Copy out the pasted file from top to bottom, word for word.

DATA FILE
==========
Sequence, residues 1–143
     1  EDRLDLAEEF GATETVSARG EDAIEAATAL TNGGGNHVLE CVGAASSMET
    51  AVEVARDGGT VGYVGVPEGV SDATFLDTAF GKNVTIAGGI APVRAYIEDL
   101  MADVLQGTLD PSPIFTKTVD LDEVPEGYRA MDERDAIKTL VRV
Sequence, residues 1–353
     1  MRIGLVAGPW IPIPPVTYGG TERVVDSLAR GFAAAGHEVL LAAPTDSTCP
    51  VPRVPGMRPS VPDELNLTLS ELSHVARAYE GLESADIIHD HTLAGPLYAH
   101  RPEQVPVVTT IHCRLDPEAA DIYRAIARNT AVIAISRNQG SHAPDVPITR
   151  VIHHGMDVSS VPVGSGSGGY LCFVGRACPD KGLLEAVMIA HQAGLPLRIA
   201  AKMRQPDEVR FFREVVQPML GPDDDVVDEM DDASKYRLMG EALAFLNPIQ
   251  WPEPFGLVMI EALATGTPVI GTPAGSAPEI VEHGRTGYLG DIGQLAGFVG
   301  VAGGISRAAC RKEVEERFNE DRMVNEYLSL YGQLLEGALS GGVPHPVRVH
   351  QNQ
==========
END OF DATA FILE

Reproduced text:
Sequence, residues 1–143
     1  EDRLDLAEEF GATETVSARG EDAIEAATAL TNGGGNHVLE CVGAASSMET
    51  AVEVARDGGT VGYVGVPEGV SDATFLDTAF GKNVTIAGGI APVRAYIEDL
   101  MADVLQGTLD PSPIFTKTVD LDEVPEGYRA MDERDAIKTL VRV
Sequence, residues 1–353
     1  MRIGLVAGPW IPIPPVTYGG TERVVDSLAR GFAAAGHEVL LAAPTDSTCP
    51  VPRVPGMRPS VPDELNLTLS ELSHVARAYE GLESADIIHD HTLAGPLYAH
   101  RPEQVPVVTT IHCRLDPEAA DIYRAIARNT AVIAISRNQG SHAPDVPITR
   151  VIHHGMDVSS VPVGSGSGGY LCFVGRACPD KGLLEAVMIA HQAGLPLRIA
   201  AKMRQPDEVR FFREVVQPML GPDDDVVDEM DDASKYRLMG EALAFLNPIQ
   251  WPEPFGLVMI EALATGTPVI GTPAGSAPEI VEHGRTGYLG DIGQLAGFVG
   301  VAGGISRAAC RKEVEERFNE DRMVNEYLSL YGQLLEGALS GGVPHPVRVH
   351  QNQ